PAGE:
President Donald Trump on Thursday held a summit at the White House in which he invited dozens of conservative social media celebrities, railed against what he called bias and censorship against the right by major social media platforms, and vowed action against Silicon Valley, per Politico.
During his remarks, the president raised eyebrows for a particular comment that he made about free speech.
“To me free speech is not when you see something good and then you purposely write bad,” the president said, as quoted by New York magazine. “To me that’s very dangerous speech, and you become angry at it. But that’s not free speech.”
Many on Twitter scratched their heads, at the president appearing to argue that negative or critical writing somehow isn’t actually free speech, especially at an event in which free speech of controversial political speakers was being defended.
“In related news, the ghost of Alexander Hamilton just asked Aaron Burr to shoot him again,” Krown City King joked on Twitter.
“‘Right. ‘Free speech’ is when everyone agrees with him. Narcissistic Personality Disorder,” musician-turned-activist Jon “Bowser” Bauman tweeted.
Trump also said at the event that he will pursue “regulatory and legislative solutions to protect free speech and the free speech rights of all Americans. Per Politico, Sen. Marsha Blackburn of Tennessee declared that she will pursue such measures in the U.S. Senate, with the Senate Judiciary Committee convening a special task force for that purpose.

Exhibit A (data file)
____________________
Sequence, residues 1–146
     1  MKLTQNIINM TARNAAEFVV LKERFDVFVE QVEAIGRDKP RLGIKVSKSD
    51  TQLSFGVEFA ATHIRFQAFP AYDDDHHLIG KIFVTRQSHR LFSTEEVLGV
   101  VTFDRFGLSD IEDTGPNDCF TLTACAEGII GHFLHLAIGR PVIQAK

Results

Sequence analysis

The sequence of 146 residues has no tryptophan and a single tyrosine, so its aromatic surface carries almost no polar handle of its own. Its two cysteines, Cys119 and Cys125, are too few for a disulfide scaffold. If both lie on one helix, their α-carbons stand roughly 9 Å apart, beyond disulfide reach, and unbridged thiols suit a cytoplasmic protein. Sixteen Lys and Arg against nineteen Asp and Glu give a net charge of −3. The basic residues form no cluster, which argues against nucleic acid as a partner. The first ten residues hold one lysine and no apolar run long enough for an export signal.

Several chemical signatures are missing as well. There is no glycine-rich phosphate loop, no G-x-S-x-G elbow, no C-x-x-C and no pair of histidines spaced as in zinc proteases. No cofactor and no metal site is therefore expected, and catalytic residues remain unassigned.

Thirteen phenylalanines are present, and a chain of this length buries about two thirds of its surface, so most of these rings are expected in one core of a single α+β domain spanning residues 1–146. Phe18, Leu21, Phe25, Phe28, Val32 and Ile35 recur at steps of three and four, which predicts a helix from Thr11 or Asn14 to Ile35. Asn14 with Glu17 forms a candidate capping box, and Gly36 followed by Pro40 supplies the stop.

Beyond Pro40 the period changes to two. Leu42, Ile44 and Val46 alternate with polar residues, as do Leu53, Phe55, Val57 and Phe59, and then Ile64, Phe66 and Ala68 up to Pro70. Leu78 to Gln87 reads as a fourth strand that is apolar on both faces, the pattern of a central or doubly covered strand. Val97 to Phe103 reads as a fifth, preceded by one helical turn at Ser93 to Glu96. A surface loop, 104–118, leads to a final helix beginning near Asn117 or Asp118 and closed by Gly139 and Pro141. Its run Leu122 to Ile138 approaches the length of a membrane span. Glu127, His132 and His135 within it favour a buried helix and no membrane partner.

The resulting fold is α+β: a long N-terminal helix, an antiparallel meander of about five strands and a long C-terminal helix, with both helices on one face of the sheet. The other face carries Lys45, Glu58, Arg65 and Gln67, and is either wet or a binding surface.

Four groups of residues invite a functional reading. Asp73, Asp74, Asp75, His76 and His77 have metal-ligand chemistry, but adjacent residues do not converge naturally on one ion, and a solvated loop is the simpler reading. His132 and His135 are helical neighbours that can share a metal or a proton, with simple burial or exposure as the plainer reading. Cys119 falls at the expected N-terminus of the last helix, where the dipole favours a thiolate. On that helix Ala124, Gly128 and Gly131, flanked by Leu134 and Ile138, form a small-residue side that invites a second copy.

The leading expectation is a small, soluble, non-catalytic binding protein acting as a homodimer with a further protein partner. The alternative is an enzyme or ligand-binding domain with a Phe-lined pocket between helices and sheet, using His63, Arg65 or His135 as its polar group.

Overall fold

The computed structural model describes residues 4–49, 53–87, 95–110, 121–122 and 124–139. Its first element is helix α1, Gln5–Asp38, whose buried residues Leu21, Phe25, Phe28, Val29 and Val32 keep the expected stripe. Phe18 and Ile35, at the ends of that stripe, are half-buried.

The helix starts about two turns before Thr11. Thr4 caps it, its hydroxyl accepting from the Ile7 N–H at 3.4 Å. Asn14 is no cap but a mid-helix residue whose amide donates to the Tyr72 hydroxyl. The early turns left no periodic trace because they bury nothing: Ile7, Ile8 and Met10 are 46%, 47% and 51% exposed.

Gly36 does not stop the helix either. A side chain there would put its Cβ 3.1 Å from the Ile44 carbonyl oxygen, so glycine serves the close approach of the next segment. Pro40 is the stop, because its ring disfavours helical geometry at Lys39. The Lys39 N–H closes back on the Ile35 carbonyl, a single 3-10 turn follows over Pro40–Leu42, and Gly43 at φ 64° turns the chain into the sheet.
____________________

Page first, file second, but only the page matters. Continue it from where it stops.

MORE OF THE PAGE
None of the tech companies were invited to the White House for the meeting, but the president plans to meet with representatives of Facebook, Twitter, Google, and other firms soon. Trump, per Wired, met with Twitter CEO Jack Dorsey in April, and spent much of the meeting complaining that, due to bot purges, his follower count had dropped on that social networking platform.
A ruling on Twitter-blocking is likely to reverberate beyond the Trump administration. The court warned that any elected official using a social media account "for all manner of official purposes" and then excluding critics violates free speech. https://t.co/73IIN2YgkN— AP Eastern US (@APEastRegion) July 9, 2019
Among those in attendance were pro-Trump tweeter Bill Mitchell, Project Veritas’ James O’Keefe, Diamond and Silk, former Whtie House aide Sebastian Gorka, Turning Point USA’s Charlie Kirk, and the conservative meme maker known as @CarpeDonktum.
What the White House called the social media summit was not without controversy. Ben Garrison, a pro-Trump cartoonist who often draws comic strips of the president with large, exaggerated muscles, was disinvited from the event after he came under fire for previous cartoons that were condemned as anti-Semitic, per The Inquisitr.
Meanwhile, the conservative journalist Laura Loomer complained loudly that she wasn’t invited to the summit, per Jezebel.